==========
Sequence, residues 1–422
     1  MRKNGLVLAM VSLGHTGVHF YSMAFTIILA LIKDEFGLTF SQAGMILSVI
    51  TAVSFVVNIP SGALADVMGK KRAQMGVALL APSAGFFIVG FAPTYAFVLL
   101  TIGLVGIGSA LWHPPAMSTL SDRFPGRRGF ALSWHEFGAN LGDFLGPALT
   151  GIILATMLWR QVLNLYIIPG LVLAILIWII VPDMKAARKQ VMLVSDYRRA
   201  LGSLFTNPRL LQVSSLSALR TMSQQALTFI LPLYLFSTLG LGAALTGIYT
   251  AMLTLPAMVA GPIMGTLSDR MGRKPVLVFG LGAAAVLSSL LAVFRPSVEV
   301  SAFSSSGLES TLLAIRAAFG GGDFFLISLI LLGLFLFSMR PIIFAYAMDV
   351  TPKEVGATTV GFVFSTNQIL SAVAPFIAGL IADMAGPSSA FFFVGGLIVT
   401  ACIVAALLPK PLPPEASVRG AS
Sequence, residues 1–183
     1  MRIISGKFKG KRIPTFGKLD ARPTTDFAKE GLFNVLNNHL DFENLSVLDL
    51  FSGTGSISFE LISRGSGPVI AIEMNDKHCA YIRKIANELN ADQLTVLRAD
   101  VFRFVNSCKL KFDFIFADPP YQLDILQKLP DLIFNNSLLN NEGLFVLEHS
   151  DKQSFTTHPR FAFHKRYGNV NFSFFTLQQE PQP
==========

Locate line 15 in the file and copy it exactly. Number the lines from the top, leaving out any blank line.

   151  DKQSFTTHPR FAFHKRYGNV NFSFFTLQQE PQP